Mystery writer Janet Evanovich joins the graphic novel fray

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‘My daughter and I have always loved comics,’ said soon-to-be graphic novelist Janet Evanovich. ‘I actually still get a subscription to Uncle Scrooge. That’s because I’m so old.’

Evanovich has made an agreement with publishing company Dark Horse to write a new set of illustrated titles from her Alex Barnaby series. ‘We’re thinking two books right now, and then we’ll figure it out from there,’ she said.


As Times staffer Geoff Boucher has pointed out, comic book publishers are rediscovering noir in a new spree of crime-centered graphic novels. IDW Publishing was able to get the late Donald E. Westlake’s blessing for its just-released adaptation of his first Parker novel, 1962’s ‘The Hunter.’ DC Comics, meanwhile, has committed an entire imprint, Vertigo Crime, which launched earlier this month; Scottish superstar Ian Rankin’s ‘Dark Entries’ is the lead title.

Evanovich is best known for her sassy Stephanie Plum mysteries, about a bond agent in New Jersey, but it was her comic NASCAR thrillers (the Barnaby books) that got her thinking about getting into a new medium.

‘When I wrote ‘Metro Girl,’ that was really when we looked at it, and we thought this would be a fabulous comic,’ she said of that series’ first installment, released in 2004. ‘It was so visual, we could see the flashy cars and the sexy scruffy guy and the entire dynamic we felt would really lend itself to the comic book.’

Evanovich and her daughter have already plotted out much of the story, she said, but beyond its Miami setting and its major characters -- the wise-cracking heroine, her race car driver boss Sam Hooker, his dog and ‘these three Cuban ladies’ -- they aren’t giving up many details.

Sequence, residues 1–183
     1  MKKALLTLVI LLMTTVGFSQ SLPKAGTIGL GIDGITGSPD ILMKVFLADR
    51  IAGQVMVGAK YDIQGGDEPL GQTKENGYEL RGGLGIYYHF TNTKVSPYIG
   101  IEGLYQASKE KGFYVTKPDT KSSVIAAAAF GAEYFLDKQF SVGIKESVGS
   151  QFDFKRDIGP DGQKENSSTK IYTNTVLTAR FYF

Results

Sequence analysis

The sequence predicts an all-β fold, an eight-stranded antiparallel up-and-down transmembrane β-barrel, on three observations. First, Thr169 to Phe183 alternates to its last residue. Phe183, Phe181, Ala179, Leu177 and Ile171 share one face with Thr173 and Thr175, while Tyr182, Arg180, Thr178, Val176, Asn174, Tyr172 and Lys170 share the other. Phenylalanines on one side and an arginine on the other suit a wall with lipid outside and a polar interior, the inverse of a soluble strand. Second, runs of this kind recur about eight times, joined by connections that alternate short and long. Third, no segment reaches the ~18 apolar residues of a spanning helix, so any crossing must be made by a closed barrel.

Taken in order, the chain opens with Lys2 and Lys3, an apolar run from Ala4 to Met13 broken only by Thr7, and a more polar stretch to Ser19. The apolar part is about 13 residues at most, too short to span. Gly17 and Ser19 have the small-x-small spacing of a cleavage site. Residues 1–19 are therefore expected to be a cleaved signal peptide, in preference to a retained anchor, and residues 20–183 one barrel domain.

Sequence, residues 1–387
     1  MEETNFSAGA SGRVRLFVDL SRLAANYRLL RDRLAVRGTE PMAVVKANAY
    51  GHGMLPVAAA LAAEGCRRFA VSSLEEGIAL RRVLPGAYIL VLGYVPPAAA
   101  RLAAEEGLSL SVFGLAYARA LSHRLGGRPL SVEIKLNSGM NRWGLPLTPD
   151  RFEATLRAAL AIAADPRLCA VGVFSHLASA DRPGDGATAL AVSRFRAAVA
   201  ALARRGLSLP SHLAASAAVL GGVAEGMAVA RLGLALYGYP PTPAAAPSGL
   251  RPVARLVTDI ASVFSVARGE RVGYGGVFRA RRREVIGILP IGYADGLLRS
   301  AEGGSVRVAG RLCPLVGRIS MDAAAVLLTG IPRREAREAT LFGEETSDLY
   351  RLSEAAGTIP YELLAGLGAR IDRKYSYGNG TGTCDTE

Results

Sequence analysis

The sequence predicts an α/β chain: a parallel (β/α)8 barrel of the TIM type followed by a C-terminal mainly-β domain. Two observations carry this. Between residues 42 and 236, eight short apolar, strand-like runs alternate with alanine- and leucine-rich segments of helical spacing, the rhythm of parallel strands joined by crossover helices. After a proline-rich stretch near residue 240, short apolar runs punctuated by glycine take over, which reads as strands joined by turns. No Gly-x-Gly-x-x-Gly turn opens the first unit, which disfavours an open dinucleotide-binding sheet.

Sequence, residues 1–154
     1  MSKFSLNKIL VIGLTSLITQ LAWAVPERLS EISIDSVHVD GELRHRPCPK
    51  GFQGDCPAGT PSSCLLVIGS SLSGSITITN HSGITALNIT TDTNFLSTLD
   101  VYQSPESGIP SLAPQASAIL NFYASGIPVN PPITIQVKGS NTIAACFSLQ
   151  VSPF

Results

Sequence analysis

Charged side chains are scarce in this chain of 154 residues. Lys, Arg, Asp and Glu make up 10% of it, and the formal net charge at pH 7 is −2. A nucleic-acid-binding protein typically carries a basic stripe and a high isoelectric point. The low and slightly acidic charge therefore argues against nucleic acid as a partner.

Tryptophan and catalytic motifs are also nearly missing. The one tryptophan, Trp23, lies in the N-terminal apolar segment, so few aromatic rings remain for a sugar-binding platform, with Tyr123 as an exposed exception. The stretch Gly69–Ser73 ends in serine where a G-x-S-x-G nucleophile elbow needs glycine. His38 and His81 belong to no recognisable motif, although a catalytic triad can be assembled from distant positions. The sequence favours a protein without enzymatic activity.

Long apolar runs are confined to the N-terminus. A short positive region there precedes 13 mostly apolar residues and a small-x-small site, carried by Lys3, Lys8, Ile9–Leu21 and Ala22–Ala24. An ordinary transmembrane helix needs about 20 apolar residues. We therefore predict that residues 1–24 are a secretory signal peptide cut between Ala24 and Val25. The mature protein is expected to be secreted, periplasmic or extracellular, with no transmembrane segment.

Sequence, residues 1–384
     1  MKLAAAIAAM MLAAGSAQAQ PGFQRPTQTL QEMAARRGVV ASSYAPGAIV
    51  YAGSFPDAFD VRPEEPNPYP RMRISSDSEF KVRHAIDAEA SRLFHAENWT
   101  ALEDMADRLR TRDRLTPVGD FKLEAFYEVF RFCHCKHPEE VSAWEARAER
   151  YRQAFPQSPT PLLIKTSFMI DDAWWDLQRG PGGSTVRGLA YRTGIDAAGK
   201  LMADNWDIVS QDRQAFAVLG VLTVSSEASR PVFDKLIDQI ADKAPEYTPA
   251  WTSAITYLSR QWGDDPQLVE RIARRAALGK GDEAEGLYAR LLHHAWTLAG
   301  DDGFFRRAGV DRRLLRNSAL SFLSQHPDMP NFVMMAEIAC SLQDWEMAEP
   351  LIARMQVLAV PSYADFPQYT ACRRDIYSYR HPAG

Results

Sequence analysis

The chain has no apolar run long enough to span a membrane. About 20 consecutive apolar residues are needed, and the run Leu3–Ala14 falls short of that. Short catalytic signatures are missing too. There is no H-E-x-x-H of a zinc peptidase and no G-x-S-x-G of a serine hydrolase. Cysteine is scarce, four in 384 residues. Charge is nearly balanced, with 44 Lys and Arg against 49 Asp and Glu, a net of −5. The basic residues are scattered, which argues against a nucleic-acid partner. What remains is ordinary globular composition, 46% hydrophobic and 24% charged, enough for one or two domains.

Meanwhile, Dark Horse, also home to the ‘Buffy’ comics as well as ‘Star Wars’ titles, is working with Evanovich to develop the right visual style. The author says she hopes for something between the Betty-and-Veronica she grew up on and the Japanese manga of which her own daughter, Alex, is such a fan.

‘This is an action comic,’ she said. ‘We want the action not just to be shown through what they do and what they say and by ‘ka-pow!’ We actually think it’s very important that these figures portray movement an action and fluidity.’


An erstwhile painter herself, Evanovich believes conjuring up the right images won’t be difficult. What’ll be trickier is rendering her trademark voice.

‘I don’t think we’re going to know [about that] until we get that sucker out there,’ she said. ‘We just have to work at it, and we have to make sure the voice is there, because that’s an important part of it.’

Readers can judge for themselves one year from now. The book is scheduled for a July 2010 release date, timed to take advantage of next year’s Comic-Con, the annual explosion of comic books, pop culture and their costume-clad fans, which wrapped up this summer in San Diego. Evanovich has already made plans to be on hand with her graphic novel at the next one.

‘I have a whole year to decide what I’m going to dress up as,’ she said.

-- Mindy Farabee